Tag Archives: vintage hollywood

CMBA FABULOUS FILMS OF THE 50’s BLOGATHON: Auntie Mame (1958)

 

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Hello again readers, it is a rare occasion when I make two posts in a single day, but in addition to being Memorial Day (necessitating my post about the Hollywood Canteen this morning), today is the last day of the CMBA Fabulous Films of the 50s Blogathon and I am signed up to cover one of my favorite films of all time. Far be it for me to pass up a chance to talk about Auntie Mame, so I am writing my second post of the day and I can’t wait.

Auntie Mame is a unique piece of art. More than just a film, it is a beautiful character study, a celebration of eccentricity and love of life. Mame Dennis is a true bon vivant, a woman who is so in love with life that it sometimes causes her trouble. She is also sublimely affectionate, maternal, and caring, traits that are seemingly the antithesis of what Mame Dennis stands for, but ones that strangely fit her character. Though Mame does get married, romantic love does not drive the plot. Instead, it centers around loving life, celebrating all that it has to offer.

The original novel of Auntie Mame was written by Patrick Dennis in 1955, and was based on the eccentricities of his much beloved aunt, Marion Tanner. Tanner was known around New York for her red brick house at 72 Bank Street, which often served as a haven for radicals, struggling artists, and other Bohemian personalities. Much like Auntie Mame and her home at 3 Beekman Place, Marion Tanner welcomed strangers into her home for parties and a safe haven, a practice that very much worried her nephew. When he wrote Auntie Mame, she delighted in the comparison, and often brought it up in conversation with guests at her endless parties.

Rosalind Russell, the stage and film star who would ultimately become Auntie Mame’s first and most highly respected interpreter, had her own connection to the character. Shortly before its publication, Russell was sent a copy of the book by the author. When she picked it up to read, she could hardly believe what she was reading. “It’s the Duchess,” she said to her husband, “Someone has written the Duchess.” “The Duchess” was the name that the Russell family had given to Rosalind’s older sister Clara. A stylish, larger-than-life character who knew and loved everyone of importance, Clara gave off an air of royalty that spurred the nickname. For Russell, this character was simply a fictionalized version of the sister she knew and loved so well. The book took on a further significance for Russell in that Clara had died too young of a stroke not long before, and the story brought back a flood of memories that were hard to shake. After the book was published and she was asked to do Auntie Mame on Broadway, she immediately agreed, basing her interpretation on the character traits of her sister.

Rosalind Russell as a child (bottom right) with her siblings. Clara is at the top with the large bow.

The show ran for 639 performances from October 31, 1956 to June 28, 1958. Rosalind Russell and Peggy Cass were nominated for Tony Awards, and Peggy Cass won for her portrayal of frumpy assistant Agnes Gooch. Warner Bros. latched onto the idea of a film, with Russell and Cass reprising their roles, and the film was released in December of 1958. Several other cast members of the original Broadway show appeared in the film, including Jan Handzlik, the boy who played Patrick.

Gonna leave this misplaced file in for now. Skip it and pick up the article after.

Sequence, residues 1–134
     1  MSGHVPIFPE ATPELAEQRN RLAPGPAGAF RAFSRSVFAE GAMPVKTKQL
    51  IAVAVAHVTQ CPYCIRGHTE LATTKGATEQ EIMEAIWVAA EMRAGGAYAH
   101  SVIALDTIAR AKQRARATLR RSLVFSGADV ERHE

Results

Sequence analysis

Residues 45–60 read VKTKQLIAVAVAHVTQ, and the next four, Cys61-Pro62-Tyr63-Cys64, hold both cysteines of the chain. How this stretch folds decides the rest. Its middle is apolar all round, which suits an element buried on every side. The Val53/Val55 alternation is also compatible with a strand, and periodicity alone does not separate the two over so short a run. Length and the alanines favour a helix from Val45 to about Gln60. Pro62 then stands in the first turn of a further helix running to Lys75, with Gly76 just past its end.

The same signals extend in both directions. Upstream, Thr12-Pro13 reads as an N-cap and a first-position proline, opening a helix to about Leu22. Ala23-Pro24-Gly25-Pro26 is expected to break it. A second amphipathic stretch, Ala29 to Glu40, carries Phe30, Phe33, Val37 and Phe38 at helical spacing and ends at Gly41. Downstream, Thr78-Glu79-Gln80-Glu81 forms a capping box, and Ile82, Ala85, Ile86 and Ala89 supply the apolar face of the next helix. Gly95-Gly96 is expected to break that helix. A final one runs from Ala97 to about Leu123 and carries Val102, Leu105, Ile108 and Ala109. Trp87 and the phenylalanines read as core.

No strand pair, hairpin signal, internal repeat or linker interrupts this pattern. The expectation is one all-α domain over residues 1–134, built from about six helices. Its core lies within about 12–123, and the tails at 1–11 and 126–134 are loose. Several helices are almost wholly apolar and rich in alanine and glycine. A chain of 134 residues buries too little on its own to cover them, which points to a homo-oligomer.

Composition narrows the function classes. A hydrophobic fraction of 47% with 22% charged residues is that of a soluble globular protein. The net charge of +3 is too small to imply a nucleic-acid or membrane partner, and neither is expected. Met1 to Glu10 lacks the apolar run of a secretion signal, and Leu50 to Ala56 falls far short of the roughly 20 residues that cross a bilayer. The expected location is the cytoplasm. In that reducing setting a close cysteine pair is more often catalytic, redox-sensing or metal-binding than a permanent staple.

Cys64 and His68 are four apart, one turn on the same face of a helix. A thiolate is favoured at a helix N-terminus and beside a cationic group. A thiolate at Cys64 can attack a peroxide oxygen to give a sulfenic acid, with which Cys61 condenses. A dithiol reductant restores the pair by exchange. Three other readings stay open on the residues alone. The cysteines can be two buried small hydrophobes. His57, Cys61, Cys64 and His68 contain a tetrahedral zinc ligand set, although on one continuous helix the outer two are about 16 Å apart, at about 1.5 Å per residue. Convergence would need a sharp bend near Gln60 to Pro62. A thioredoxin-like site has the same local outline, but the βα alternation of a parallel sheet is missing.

The plot of the movie is not particularly important–it is a character-driven narrative that puts emphasis on celebrating individuality. A young boy, Patrick, is sent to live with his eccentric aunt after his father dies, leaving him an orphan. He arrives at the door of 3 Beekman Place, to find his Auntie Mame giving a wild party–having forgotten that her nephew was supposed to arrive that day. But she welcomes him with open arms, and immediately takes him under her wing as her surrogate son. Complicating matters is Mr. Babcock, the representative from the Knickerbocker Bank that Patrick’s father assigned to make sure “that crazy sister of mine doesn’t do anything too goddamned eccentric.” Mame and Mr. Babcock don’t agree on how to raise Patrick, but ultimately Mr. Babcock has the upper hand and sends Patrick to elite, snobbish private schools, turning him into one of the snobs that Mame detests. At school he falls in love with Gloria Upson, an empty-headed, vapid, country club girl that he intends on marrying. Mame objects to Patrick marrying a girl with “braces on her brains,” but instead of telling him that outright, she hosts a family dinner for the girl’s conservative parents in which she lets her eccentricity out in full force. The girl and her parents are deeply offended, and leave in a huff. Patrick sees that they are unwilling to accept how he was raised, and he reverts back to being the loving nephew of his loving Auntie Mame.

The movie is quite long, covering the period from the 1920s through the end of the Depression as well as Mame’s marriage to her husband Mr. Burnside and her eventual widowhood, but the charming and delightful characters make the time rush by. Rosalind Russell is undoubtedly the star of the show, but there are great performances by many members of the supporting cast. Peggy Cass repeats her Tony-winning performance and gives a hilarious interpretation of Agnes Gooch, the assistant who ends up pregnant out of wedlock (or is she?), and the actors who play Gloria’s conservative parents are fantastic. Adding to the show-stealing performances is the marvelous Joanna Barnes, who has a gift for playing rather unlikable characters to perfection. Here is one of my favorite scenes from the movie.